Read an Excerpt

Chocolate Spiderwebs

Makes 4 to 6 Spiderwebs, depending on size

The perfect treat for Halloween, these chocolate webs make unique party favors. You can also use small webs to decorate a scoop of ice cream, or lay one large web on top of a ghoulish cake.

Ingredients

12 ounces white chocolate, coarsely chopped, or 12 ounces white chocolate chips
Butter or margarine for greasing the cookie sheet

Instructions

1. Butter a large cookie sheet and set it aside.

2. Cut a piece of parchment paper large enough to fit the cookie sheet. Using a dark pencil or a magic marker, draw spiderweb designs, about 6 inches in diameter, onto the parchment, leaving 2 to 3 inches between each web. Turn the paper over and place it onto the prepared cookie sheet. You should be able to see your design through the parchment.

3. Melt 6 ounces of the white chocolate in the top of a double boiler set over hot water. if you don't have a double boiler, simply place the chocolate in a bowl that fits snugly over a pot of hot water.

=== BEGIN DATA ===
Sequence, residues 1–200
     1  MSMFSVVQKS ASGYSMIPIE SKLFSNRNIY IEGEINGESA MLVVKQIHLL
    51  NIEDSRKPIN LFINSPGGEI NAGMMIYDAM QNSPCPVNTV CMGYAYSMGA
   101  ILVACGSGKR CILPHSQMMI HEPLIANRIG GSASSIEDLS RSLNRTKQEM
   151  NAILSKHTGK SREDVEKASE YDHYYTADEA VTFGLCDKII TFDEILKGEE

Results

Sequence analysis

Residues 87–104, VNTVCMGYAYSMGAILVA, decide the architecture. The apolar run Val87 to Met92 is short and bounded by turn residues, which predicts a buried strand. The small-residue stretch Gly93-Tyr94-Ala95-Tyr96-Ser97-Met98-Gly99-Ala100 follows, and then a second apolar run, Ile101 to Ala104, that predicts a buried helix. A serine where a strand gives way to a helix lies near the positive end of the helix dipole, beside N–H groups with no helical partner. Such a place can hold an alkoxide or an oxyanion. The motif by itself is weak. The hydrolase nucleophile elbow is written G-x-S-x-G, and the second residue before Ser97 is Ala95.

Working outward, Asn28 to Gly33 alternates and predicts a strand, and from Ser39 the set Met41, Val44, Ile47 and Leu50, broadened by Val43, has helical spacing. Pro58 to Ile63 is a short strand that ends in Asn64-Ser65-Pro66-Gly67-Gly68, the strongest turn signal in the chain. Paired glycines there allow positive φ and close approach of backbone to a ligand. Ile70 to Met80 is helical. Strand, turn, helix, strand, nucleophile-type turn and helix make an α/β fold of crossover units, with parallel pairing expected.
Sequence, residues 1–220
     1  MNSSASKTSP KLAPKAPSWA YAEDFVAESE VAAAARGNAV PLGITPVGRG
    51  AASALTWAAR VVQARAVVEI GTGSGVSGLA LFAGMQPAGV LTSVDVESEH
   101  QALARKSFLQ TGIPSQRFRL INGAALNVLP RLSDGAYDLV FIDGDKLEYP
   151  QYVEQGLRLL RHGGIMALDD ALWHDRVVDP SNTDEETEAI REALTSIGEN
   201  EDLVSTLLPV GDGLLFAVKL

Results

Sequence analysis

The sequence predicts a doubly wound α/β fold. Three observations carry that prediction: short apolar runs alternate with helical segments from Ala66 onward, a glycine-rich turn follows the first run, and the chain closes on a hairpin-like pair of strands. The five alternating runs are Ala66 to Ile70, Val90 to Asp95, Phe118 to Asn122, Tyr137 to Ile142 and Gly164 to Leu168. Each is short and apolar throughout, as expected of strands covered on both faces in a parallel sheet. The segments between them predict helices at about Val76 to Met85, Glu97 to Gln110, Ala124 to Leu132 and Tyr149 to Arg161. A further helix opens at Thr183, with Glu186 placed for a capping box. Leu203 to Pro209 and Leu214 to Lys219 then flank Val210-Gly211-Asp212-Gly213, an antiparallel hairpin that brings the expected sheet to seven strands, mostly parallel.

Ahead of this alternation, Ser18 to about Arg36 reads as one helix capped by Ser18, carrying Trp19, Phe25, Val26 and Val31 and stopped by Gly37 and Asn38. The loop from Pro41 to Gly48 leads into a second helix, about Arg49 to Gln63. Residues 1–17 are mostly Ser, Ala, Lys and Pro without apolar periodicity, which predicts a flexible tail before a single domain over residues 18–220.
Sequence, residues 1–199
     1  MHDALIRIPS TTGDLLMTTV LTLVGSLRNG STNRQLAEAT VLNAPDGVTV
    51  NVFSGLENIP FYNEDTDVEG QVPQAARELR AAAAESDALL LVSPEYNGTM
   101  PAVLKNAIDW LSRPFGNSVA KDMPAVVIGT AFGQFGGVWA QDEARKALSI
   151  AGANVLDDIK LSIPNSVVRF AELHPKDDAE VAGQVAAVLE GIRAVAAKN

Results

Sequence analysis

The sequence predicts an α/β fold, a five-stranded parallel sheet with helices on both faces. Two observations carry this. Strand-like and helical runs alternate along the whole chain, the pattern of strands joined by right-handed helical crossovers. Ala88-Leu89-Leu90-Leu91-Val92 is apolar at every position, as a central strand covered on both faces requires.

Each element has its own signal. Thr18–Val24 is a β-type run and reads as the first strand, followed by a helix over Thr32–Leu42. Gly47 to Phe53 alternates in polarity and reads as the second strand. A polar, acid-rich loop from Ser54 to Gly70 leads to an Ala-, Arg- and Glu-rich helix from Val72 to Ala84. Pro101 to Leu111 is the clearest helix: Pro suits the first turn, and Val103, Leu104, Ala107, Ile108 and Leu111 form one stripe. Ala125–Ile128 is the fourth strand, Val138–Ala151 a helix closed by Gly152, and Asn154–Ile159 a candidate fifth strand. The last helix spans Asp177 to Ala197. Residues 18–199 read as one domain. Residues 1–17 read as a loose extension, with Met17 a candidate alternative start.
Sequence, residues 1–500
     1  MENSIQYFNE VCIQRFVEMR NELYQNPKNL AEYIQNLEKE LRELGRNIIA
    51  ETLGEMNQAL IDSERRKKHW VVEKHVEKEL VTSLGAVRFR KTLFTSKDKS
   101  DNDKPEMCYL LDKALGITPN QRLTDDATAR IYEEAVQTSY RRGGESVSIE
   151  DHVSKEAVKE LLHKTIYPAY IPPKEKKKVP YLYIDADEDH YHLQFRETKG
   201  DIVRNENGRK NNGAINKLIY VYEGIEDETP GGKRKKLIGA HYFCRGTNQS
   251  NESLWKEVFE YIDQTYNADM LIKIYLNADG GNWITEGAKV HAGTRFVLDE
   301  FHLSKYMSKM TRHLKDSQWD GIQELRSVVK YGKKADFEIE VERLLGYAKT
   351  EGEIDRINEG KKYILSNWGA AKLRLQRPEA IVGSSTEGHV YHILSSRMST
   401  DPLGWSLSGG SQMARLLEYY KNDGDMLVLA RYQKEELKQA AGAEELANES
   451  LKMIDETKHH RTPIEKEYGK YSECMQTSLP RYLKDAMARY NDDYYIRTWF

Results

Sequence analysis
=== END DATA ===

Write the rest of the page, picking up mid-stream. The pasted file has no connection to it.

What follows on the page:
4. When the chocolate has melted completely, remove the top part of the double boiler or the bowl from the hot water. Add the remaining 6 ounces white chocolate and stir until all of the chocolate is melted and smooth.

5. Insert a candy thermometer or chocolate thermometer into the melted chocolate. Its temperature should be 86 to 88 F. if the chocolate is too cold, place it back over the hot water until the temperature reaches 86 to 88 F. If it is too hot, let it cool until the desired temperature is reached.

6. Fill a large Ziploc bagwith the melted chocolate. Seal the bag and use a pair of scissors to cut the tip off one bottom corner. The hole should be about 1/4 inch. If desired, use a pastry bag fitted with a 1/4-inch round tip.

7. Squeezing the bag, follow the design you drew on the parchment paper, making the lines thick enough to hold together when the chocolate hardens, at least 1/4 inch.

8. Place the webs in the refrigerator for about 1 hour or until they have hardened. Carefully peel the webs off the parchment. Store them in layers, separated by wax paper, in an airtight container at room temperature or in the refrigerator for up to 2 weeks.

Variations

Christmas Spiderwebs: Sprinkle each web with 2 to 3 teaspoons red and green sprinkles while the chocolate is still soft.

Dusty Spiderwebs: Sift 2 teaspoons cocoa powder over the finished spiderwebs.

Frosted Spiderwebs: Sprinkle each web with 1 to 2 teaspoons superfine sugar before placing them in the refrigerator to harden.